Updated: Nov 28, 2018
  • Author: Mark J Leber, MD, MPH; Chief Editor: Erik D Schraga, MD  more...
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Practice Essentials

Balanitis is inflammation of the glans penis [1]  and is a common condition affecting an estimated 3-11% of males. Balanitis can occur in males at any age. Morbidity is associated with the complications of phimosis. [2, 3, 4] Balanitis involving the foreskin and prepuce is termed balanoposthitis. According to European guidelines outlining the current management of balanoposthitis, the aims of management are to minimize sexual dysfunction and  urinary dysfunction, exclude penile cancer, treat premalignant disease, and diagnose and treat STIs.

Predisposing factors include poor hygiene and overwashing, use of over-the-counter medications, and nonretraction of the foreskin. [5]  Though uncommon, a complication of balanitis (usually only in recurrent cases) is constricting phimosis, or inability to retract the foreskin from the glans penis. Other complications of balanitis may include meatal stenosis and possible urethral strictures; urinary retention; and vesicoureteral reflux.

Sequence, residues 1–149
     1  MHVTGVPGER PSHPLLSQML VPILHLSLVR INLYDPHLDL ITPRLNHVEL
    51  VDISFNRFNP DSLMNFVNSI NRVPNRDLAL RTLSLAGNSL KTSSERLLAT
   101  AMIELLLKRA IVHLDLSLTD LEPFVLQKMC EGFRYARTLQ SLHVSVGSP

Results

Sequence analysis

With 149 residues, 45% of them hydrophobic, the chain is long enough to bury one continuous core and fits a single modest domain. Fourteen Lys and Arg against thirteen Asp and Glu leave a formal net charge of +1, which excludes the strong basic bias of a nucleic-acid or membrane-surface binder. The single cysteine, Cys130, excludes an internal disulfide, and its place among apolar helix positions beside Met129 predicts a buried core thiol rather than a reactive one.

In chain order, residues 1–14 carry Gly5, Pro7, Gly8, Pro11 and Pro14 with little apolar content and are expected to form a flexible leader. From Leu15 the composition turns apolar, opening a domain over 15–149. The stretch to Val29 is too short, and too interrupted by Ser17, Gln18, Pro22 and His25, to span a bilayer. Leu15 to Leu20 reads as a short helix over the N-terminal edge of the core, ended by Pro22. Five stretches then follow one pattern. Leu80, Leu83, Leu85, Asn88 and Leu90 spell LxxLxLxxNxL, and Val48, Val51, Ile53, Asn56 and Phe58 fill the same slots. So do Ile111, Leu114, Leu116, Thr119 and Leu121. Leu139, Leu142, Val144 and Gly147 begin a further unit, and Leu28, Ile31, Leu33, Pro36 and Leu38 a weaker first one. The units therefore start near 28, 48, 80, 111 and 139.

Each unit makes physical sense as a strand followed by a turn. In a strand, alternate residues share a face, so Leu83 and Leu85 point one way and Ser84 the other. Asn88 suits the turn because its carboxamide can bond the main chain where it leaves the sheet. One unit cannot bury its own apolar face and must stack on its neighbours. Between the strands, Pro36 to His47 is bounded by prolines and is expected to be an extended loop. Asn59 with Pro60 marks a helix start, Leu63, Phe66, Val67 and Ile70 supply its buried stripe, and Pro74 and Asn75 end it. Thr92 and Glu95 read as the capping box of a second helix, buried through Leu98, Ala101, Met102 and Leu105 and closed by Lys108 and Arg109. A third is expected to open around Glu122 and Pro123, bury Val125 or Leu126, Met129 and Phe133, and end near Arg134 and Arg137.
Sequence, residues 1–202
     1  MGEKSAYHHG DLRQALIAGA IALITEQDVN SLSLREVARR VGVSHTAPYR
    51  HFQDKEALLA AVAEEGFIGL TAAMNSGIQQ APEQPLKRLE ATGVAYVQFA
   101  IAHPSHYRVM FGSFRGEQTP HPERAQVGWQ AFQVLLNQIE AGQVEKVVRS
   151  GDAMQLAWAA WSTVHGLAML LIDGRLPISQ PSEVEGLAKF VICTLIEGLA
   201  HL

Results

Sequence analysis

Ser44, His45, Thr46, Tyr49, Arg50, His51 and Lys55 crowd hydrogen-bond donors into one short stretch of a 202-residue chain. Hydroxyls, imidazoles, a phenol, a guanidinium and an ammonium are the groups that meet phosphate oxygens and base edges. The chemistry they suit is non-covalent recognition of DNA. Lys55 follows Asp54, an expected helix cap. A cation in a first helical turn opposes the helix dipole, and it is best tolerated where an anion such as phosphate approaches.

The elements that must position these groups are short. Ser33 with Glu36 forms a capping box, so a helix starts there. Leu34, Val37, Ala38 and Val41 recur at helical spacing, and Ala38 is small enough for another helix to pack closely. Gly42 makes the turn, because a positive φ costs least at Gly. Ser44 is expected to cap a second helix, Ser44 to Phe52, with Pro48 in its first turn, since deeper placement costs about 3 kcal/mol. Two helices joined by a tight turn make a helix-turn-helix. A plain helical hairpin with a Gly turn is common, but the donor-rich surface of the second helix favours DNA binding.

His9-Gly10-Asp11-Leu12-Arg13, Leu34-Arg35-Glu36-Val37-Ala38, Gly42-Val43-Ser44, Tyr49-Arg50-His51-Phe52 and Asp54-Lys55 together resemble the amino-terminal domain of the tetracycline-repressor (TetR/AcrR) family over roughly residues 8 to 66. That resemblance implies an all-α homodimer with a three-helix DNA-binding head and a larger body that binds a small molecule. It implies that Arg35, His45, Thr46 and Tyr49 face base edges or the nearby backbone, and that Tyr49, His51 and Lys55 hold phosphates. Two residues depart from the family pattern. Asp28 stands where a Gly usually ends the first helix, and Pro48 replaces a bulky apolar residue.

Balanitis xerotica obliterans (BXO), or penile lichen sclerosus, is a progressive sclerosing inflammatory dermatosis of the glans penis and foreskin. BXO is uncommon in children. [2, 3, 4, 6, 7, 8, 9, 10]

Uncircumcised men with poor personal hygiene are most affected by balanitis. Lack of aeration and irritation because of smegma and discharge surrounding the glans penis causes inflammation and edema. Though uncommon, complications of balanitis include phimosis and cellulitis. Meatal stenosis with urinary retention may rarely accompany balanitis. In very few cases, balanitis may contribute to the "buried penis syndrome." Diabetes is the most common underlying condition associated with adult balanitis. [11, 12, 13]  Older age has been identified as a risk factor for candidal balanitis. Zoon’s balanitis is a disease of older men who are uncircumcised. [5]

If the patient is able to retract the foreskin and does not have uncontrolled diabetes, he may be discharged to follow up with a urologist.

Bacitracin should be used for children, and clotrimazole in adults, and possibly a steroid cream.

(See the image below of balanitis xerotica obliterans.)

Balanitis xerotica obliterans (lichen sclerosus). Balanitis xerotica obliterans (lichen sclerosus). Courtesy of Wilford Hall Medical Center Slide collection.

For additional information, see Medscape's Urology Resource Center.

For excellent patient education resources, visit eMedicineHealth's Men's Health Center. Also, see eMedicineHealth's patient education articles Foreskin Problems and Circumcision.